Doing all of the emotional work. There's pop scenes, where I'm saying lines that are catchy and fun, and then there's a couple little emotional moments. Working with Helena [Howard], the other girl in The Pink Opaque, she's such a talented actress. I was like, “Well, she's locked in. I can try to lock in with her.” And then, when we did, I was like, "Wow, this feels awesome."

Jordan as Tara (left), and Helena Howard as Isobel (right).A24

That's really interesting because your music is so emotional. When you were doing those scenes, did you feel any similarities to performing?

I think playing shows is way more theater-y than I would ever have assumed until I started doing it professionally. The songs are really emotional, and people in the crowd are really connected. Sometimes, you're playing a stinky club on a Wednesday night in Ohio, and the record came out two years ago, and the ex-girlfriend could burn in hell at this point, I don't care. [But] I want to play the songs with conviction, I don't want people in the crowd to think I'm just phoning it in. So it is a lot of channeling. So it was similar. It wasn't the easiest transition ever, but I definitely felt like, "Okay, let me think of something really sad."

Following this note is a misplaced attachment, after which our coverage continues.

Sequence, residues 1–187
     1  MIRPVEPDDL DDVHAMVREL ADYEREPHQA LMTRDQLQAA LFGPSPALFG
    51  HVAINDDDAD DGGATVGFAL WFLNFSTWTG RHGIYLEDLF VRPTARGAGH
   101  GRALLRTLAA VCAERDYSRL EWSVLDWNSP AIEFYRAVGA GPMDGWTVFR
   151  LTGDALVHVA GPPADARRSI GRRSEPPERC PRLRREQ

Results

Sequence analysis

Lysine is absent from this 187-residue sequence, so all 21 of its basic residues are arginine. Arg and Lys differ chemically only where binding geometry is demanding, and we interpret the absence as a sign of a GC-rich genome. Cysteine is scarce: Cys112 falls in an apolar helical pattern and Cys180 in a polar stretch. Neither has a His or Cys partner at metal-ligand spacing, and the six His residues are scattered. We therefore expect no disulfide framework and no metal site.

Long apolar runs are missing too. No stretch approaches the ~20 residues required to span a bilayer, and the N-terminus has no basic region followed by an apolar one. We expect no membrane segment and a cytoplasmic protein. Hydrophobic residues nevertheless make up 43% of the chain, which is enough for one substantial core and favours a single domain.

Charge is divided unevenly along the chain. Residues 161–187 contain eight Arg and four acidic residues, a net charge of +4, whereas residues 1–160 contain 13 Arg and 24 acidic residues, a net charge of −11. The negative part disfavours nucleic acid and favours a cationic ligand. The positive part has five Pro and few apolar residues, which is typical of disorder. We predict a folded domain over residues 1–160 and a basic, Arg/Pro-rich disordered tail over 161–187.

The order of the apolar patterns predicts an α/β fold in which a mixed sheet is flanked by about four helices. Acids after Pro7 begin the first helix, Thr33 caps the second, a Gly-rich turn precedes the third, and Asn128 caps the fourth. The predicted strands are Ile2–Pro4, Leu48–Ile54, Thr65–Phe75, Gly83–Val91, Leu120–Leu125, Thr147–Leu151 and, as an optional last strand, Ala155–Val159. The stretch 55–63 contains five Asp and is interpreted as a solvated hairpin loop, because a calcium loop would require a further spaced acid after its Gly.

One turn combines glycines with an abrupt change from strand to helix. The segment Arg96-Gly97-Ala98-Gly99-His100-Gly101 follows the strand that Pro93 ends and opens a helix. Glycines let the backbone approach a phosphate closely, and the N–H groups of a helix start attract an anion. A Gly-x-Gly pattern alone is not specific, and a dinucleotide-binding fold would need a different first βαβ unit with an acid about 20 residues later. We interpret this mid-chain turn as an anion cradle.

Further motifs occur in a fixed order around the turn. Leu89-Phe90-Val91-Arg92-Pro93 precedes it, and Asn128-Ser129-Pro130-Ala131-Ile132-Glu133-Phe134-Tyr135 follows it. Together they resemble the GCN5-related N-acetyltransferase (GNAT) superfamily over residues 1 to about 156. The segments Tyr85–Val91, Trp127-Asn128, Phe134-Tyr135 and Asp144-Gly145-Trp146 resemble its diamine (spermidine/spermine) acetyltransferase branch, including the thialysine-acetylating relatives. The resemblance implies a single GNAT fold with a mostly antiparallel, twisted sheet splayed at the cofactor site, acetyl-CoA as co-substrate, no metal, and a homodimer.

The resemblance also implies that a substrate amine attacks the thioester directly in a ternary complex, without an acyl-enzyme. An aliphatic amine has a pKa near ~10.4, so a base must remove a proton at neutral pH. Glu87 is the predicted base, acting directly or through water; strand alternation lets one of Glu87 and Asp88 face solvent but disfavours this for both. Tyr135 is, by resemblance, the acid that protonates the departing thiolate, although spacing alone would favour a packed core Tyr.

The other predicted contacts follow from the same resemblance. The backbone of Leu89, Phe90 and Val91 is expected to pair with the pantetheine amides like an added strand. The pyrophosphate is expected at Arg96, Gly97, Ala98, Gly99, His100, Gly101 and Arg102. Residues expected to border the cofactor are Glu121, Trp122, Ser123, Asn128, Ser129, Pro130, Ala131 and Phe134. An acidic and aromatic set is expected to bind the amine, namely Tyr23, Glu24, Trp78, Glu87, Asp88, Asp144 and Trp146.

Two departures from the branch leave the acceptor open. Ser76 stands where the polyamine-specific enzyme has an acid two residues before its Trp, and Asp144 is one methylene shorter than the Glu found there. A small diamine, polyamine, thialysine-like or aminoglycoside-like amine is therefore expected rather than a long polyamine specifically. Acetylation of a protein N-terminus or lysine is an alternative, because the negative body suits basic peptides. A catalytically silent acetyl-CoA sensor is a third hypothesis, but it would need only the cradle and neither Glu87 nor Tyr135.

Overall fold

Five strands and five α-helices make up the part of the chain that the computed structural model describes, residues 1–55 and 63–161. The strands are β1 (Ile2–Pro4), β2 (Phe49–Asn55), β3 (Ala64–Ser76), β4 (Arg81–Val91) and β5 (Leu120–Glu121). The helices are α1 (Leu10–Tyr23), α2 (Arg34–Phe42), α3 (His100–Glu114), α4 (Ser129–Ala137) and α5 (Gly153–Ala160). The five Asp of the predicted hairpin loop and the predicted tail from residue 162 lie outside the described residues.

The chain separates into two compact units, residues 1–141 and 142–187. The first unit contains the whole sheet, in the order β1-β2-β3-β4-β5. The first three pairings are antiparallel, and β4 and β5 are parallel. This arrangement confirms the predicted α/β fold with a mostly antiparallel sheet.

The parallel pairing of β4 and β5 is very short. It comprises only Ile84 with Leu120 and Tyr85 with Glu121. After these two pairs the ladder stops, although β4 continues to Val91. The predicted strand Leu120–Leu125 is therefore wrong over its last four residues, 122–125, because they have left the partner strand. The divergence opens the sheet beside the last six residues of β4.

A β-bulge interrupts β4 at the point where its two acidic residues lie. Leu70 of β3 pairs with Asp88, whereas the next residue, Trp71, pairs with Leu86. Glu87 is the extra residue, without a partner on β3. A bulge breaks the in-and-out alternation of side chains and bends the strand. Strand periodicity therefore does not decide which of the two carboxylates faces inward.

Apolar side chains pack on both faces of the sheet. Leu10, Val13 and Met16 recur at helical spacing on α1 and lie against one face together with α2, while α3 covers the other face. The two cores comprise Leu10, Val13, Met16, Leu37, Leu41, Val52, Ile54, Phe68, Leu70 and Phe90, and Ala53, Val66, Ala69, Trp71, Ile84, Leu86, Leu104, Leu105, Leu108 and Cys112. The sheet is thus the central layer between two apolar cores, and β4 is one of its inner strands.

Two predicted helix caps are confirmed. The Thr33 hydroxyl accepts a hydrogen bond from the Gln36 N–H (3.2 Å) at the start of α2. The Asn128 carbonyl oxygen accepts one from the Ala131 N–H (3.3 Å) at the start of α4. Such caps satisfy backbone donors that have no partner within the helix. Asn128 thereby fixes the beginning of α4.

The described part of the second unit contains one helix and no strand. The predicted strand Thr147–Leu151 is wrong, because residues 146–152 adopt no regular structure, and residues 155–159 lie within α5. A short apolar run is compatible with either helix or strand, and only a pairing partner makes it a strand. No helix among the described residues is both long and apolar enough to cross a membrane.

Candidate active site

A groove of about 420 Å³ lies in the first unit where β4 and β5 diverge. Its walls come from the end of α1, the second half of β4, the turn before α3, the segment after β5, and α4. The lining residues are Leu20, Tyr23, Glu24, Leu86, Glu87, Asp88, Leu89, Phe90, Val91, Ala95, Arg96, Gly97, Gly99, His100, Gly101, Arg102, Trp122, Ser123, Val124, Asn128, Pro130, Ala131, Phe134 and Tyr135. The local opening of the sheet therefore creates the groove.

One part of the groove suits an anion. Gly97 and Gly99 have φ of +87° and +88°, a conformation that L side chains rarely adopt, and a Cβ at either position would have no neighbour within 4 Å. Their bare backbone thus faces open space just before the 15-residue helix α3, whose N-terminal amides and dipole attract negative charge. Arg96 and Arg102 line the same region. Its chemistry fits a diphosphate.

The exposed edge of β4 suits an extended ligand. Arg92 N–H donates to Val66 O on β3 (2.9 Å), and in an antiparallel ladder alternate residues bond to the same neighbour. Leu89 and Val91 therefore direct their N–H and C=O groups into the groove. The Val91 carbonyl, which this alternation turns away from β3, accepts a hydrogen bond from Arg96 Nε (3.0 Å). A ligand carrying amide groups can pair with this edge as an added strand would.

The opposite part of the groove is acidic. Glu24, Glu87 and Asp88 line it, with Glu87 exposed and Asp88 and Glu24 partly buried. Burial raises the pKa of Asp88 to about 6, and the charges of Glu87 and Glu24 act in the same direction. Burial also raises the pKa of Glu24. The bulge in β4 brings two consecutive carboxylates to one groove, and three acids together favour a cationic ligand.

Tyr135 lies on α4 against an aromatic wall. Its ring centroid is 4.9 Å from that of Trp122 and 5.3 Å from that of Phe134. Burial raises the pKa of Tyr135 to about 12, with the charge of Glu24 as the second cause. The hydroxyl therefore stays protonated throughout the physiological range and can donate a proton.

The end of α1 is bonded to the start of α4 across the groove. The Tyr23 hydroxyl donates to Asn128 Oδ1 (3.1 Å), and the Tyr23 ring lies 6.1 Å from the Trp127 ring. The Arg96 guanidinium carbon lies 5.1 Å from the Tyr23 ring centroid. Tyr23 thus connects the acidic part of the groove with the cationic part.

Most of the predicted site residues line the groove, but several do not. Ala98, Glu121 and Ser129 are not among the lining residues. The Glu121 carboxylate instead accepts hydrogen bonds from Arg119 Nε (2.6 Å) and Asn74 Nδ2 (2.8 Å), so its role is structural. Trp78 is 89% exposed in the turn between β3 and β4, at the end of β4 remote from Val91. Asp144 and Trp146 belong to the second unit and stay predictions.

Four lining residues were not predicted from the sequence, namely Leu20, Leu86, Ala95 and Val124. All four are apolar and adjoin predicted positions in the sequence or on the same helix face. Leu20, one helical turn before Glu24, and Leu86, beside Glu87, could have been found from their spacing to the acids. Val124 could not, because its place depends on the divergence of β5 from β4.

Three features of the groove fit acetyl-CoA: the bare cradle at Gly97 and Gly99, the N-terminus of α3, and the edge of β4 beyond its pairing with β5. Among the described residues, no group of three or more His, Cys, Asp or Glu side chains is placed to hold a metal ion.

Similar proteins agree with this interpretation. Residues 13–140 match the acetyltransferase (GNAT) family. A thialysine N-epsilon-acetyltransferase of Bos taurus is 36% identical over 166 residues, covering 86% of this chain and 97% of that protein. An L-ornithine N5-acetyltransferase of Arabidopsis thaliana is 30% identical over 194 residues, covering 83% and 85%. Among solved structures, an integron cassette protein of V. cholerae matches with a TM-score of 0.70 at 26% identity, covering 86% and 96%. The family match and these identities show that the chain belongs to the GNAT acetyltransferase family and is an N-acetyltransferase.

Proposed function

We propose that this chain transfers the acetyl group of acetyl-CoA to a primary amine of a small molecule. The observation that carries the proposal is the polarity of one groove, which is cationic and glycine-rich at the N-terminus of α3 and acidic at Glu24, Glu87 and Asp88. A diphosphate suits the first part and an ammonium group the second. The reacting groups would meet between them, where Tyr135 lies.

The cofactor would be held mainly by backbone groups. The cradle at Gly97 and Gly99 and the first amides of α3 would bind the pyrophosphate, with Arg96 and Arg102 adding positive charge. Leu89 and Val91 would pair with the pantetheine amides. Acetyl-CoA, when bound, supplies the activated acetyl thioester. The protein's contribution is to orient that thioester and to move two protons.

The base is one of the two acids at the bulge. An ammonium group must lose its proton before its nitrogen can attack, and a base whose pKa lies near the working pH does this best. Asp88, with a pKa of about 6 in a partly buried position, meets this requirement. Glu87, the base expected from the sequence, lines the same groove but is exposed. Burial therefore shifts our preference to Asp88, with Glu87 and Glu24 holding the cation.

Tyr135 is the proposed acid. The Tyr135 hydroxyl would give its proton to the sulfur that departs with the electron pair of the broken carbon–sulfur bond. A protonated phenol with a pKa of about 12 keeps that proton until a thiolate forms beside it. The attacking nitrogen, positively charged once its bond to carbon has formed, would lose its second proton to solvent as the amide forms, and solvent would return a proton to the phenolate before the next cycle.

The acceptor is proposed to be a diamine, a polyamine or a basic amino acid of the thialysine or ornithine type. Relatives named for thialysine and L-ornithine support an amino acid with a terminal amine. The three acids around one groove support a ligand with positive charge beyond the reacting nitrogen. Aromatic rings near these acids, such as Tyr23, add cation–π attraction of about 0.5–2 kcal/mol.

Did Jane give you any pointers? How was it working with them?

They were extremely helpful and patient. Things moved really fast, so we didn't do a million shots of anything, but they helped me into the zone. Even at the second round of auditions, they were spending a good amount of time helping me craft my delivery, just for the audition. They were like, "Oh my God, you're so close. If you just think of it like this, instead of like this ..." They were a comforting force on set, very nonjudgmental, and just sweet and patient. I was not expecting that on a movie set.